"...for James Joyce 'unhappiness was like a vice'...,
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This review is from: Written Lives (Paperback)
Javier Marias never met any of the writers he covers in this sometimes fascinating and at other times inadequate book. It is a book of description and Marias readily admits to treating its subjects and sometimes their lives as if they are characters in books rather than once living writers. One can enjoy this for what it is, therefore, a sometimes speculative, but most often fairly accurate set of vignettes of the lives of writers, all of whom are dead and therefore unable to issue writs. Enlivening these pages are photographs and from these Marias tries to extract the essence of their writing lives and personal characters. He hits the mark more often than he misses, but subjective judgements do creep in according to whom Marias likes and does not like. As long as one remembers that these are partial judgements, one can put up with the odd prejudice.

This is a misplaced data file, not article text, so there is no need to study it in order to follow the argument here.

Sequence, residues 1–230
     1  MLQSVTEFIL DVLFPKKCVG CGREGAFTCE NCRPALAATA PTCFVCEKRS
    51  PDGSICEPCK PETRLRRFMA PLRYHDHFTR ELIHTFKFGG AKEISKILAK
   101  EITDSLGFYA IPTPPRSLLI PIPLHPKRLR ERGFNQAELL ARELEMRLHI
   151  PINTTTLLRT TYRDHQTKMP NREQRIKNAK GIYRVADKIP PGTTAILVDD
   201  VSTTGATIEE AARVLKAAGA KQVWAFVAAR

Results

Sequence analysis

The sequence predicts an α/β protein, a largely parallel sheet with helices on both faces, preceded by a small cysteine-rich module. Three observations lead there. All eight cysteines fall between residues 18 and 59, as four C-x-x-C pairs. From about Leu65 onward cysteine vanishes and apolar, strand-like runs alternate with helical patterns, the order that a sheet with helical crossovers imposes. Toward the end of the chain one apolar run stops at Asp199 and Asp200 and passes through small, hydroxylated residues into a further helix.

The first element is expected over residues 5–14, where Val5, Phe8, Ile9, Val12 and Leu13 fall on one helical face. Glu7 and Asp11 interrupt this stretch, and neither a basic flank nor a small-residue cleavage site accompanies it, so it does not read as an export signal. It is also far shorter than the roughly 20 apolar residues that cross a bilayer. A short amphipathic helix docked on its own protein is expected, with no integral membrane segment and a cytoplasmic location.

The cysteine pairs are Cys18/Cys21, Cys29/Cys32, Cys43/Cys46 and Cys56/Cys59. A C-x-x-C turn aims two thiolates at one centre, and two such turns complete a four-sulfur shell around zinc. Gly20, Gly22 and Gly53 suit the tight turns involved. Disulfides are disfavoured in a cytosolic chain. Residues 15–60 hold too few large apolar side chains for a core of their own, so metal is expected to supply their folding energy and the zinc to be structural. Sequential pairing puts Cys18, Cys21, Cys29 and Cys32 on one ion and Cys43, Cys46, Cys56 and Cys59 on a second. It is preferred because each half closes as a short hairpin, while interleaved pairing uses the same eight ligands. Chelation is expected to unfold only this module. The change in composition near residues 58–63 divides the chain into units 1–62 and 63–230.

The most interesting and light-hearted section is the last, where Marias speculates freely on the personalities displayed in photographs of Edgar Alan Poe, Charles Dickens, Oscar Wilde, Baudelaire, Henry James, Gide, Djuna Barnes, Yeats, and many others. The photographs are well reproduced on the page and most are interesting and suggest something of the personas represented. An interesting curiosity, this small, short and readable little book has much to recommend it. I particularly enjoyed the sections in the main book on Robert Louis Stevenson Among Criminals and Laurence Sterne At The End. However, I wasn't much moved by the way a section on Fugitive Women were all lumped together as if undeserving of separate chapters. In particular, the piece on Emily Bronte was something of a travesty. Shameful waste of an opportunity in her case.